True & Honest Fan
- Sep 7, 2016
Chick-fil-A is ideologically opposed to my existence
By Andrew WheelerContributor
Wed., Sept. 11, 2019timer3 min. read
This past weekend I saw something that made me unexpectedly queasy; a young woman slurping soda out of a fast food cup.
It upset me because it was a Chick-fil-A cup.
Chick-fil-A is an anti-LGBTQ2 organization, not just because the founder publicly opposed same-sex marriage (he believed in a “biblical definition of marriage,” which doesn’t exist), but because company profits are donated to charities that oppress and marginalize queer people, especially queer youth.
Young queer people are unusually vulnerable to depression and suicidal thoughts. They often struggle to find support in their own communities, and even in their own families.
They’re not miserable because they’re queer. They’re miserable because the stigmatization of queerness by family, church, and society has left them lonely and ostracized. They’re miserable because people will not accept and love them, and because the people they should be able to turn to are often the most likely to harass, harm, and abuse them.
LGBTQ2 activists protested Chick-fil-A’s opening on Friday, but people were happy to cross the protest line. Some also tried to tell the protesters that they weren’t bad people. A lady yelled, “You think I’m homophobic? I have gay friends.” One man told me he voted for Trudeau. A smirking guy hiding behind large sunglasses insisted that McDonald’s is just as bad.
I’ve devoted much of my life to advocating for media that allows queer kids to see themselves represented. It’s important to me as someone who knows the struggle of growing up queer and as someone who took to heart lessons of love and kindness from my Christian upbringing.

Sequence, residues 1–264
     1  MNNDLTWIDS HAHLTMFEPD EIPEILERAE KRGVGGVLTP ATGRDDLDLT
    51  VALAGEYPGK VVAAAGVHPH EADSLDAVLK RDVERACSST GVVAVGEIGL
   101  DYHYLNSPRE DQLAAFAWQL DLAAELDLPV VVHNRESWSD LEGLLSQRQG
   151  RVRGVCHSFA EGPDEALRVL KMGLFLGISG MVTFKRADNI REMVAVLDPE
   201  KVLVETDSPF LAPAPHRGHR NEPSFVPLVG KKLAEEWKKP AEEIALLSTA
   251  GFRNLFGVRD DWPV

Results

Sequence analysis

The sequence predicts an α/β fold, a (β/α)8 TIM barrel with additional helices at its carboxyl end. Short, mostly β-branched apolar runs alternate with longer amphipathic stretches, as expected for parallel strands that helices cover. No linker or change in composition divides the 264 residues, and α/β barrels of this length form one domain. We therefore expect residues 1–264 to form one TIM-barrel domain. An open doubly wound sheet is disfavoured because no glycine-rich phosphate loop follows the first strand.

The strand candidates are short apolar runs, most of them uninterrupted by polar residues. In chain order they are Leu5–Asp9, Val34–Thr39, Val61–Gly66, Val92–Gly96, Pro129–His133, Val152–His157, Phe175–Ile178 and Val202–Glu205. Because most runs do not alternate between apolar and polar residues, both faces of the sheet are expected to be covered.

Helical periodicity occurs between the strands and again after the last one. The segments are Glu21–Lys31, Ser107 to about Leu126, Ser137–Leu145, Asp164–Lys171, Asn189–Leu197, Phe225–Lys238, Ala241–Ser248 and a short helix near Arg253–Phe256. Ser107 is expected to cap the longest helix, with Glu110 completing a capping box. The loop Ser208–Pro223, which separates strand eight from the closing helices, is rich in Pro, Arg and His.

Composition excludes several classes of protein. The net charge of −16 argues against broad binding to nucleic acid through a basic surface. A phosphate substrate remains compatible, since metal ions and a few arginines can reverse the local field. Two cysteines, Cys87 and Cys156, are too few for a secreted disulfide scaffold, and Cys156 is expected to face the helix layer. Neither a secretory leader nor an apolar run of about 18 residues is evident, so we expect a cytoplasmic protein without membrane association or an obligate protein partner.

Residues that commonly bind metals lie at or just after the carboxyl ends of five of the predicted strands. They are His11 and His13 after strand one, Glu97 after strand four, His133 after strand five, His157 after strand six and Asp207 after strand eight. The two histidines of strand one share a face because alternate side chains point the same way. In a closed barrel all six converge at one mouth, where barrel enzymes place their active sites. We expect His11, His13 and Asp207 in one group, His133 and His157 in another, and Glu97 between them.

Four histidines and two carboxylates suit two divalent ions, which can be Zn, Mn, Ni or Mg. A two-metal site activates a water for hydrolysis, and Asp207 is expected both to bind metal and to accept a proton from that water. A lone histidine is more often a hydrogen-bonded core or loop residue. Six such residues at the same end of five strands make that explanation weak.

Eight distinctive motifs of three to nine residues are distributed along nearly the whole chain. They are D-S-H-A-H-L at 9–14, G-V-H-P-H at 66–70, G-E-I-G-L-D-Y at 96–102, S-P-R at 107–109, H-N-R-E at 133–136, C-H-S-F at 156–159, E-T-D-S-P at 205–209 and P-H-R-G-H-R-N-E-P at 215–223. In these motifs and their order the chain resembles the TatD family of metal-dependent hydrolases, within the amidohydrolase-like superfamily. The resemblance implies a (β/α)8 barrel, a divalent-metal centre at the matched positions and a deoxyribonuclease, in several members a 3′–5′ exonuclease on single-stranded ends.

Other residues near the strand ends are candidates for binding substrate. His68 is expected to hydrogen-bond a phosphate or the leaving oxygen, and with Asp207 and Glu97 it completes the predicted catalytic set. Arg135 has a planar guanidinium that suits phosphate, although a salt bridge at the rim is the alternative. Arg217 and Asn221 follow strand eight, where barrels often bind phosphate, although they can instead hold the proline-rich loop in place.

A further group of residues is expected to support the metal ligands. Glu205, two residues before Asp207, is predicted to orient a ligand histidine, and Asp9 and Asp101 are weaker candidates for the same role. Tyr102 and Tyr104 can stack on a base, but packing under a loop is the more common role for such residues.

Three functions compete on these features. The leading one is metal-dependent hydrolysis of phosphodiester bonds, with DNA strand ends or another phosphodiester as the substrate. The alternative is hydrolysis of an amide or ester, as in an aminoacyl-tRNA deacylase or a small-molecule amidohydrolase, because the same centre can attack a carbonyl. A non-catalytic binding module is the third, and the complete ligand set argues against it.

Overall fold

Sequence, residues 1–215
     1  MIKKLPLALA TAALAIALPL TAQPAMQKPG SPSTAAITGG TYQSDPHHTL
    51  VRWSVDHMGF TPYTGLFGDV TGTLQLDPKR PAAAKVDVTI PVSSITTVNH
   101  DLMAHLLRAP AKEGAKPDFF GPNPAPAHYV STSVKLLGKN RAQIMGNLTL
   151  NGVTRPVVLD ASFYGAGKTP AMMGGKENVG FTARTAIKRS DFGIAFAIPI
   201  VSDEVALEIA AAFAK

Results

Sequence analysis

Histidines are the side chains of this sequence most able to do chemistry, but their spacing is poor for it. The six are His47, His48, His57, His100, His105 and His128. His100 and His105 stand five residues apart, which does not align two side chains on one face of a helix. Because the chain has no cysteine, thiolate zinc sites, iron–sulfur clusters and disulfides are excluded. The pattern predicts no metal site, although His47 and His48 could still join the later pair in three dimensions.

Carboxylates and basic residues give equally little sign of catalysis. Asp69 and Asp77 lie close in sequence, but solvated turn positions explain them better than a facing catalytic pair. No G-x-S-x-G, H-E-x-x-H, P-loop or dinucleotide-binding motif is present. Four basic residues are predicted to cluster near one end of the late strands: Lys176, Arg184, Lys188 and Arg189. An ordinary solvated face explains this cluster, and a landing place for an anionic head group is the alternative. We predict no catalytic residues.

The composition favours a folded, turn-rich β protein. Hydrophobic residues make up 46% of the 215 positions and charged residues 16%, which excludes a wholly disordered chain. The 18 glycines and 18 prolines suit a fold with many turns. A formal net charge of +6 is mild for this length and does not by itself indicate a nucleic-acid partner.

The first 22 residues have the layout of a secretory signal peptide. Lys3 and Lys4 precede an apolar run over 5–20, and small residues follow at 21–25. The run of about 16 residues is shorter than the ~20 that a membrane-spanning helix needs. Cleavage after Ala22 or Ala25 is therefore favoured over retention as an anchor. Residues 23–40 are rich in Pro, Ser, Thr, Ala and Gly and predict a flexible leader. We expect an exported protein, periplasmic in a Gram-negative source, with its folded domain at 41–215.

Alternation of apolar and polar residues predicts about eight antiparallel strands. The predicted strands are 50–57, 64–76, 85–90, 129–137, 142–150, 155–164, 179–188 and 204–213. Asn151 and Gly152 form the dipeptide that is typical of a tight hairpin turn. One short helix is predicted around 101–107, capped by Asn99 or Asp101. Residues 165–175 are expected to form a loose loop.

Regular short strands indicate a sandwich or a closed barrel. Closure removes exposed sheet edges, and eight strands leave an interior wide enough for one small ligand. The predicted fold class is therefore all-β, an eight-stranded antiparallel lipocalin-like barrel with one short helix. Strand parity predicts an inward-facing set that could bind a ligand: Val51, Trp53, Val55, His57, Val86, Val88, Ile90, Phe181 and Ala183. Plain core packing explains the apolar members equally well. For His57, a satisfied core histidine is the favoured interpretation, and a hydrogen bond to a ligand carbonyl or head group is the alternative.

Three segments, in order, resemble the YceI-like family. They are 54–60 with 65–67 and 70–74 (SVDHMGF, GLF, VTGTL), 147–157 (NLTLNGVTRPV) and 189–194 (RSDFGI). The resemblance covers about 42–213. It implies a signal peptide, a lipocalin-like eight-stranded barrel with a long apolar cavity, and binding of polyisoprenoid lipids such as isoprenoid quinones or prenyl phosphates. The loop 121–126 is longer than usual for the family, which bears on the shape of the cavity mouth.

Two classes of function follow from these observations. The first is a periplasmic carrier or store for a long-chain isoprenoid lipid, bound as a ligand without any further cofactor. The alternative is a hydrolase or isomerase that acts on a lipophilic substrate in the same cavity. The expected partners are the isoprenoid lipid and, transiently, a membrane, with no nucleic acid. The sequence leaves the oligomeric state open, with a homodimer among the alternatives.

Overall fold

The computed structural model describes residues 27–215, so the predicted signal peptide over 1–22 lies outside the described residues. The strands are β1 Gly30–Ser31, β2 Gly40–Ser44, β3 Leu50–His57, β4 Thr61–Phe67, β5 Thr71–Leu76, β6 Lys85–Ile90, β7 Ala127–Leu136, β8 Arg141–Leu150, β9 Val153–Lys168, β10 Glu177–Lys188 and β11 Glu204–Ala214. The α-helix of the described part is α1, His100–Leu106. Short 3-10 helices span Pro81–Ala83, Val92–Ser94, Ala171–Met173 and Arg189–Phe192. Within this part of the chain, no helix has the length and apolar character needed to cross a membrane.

The folks at Chick-fil-A took a different lesson. Buy a meal from them, and they’ll use your money to increase the suffering of queer kids.
We know that moral purity is impossible in a capitalist society. Every week, you’re spending money in ways that harm the environment, spread political strife, and empower the greedy and corrupt. We all make difficult choices.
This one isn’t difficult. I will not support a company that is ideologically opposed to my existence, and that uses the money spent there to campaign against my existence. If I really want fried chicken, there are more than a dozen places to get some within a 10 minute walk of Chick-fil-A. Downtown Toronto is the Vatican City of fried chicken.
Of course, people are not just going to Chick-fil-A to eat fried chicken. They’re eating fried chicken spitefully. They’re defiantly standing in line with all the other freethinkers because they’ve been asked not to. They know that going to Chick-fil-A hurts queer people, but they’ve never thought much about queer people before and they’re not going to start now. It’s a strange form of identity politics where the identity is “a--hole.” The line to get into Chick-fil-A is the a--hole pride parade.
We’re never going to chase Chick-fil-A out of town. In Donald Trump’s America, it’s a huge success, the No. 3 restaurant chain in the country. It’s going to be huge in Toronto, too. The first location is on the edge of the Queer Village, on the route of the Pride Parade, but other locations will follow.
We can’t shut it down, but if we make enough noise and if enough people stay away, we might convince it to change its practices and stop hurting queer kids.
In the meantime, we’ll see that logo everywhere, its meaning as clear as a red hat. Those cups and wrappers will serve as evidence of how cheap our existence is; a sign that we’re easily dismissed if we come between people and their lunch. Queer kids’ lives are worth less to them than the wrappers they toss out.
Chick-fil-A has released a poison into this city that tells queer people we’re less welcome here. We’re less safe. We’re always surrounded by people who hate us, but now those people can show us how easily, how thoughtlessly, they reach for their hate.
The more they see each other, the more empowered they will be. Hate against queer people is going to increase in this city, because folks can’t walk 500 feet to Popeyes.
Watch where you step. Chick-fil-A trash is all over these streets.
Andrew Wheeler is the editor of Shout Out, an anthology of comic book stories for young queer readers.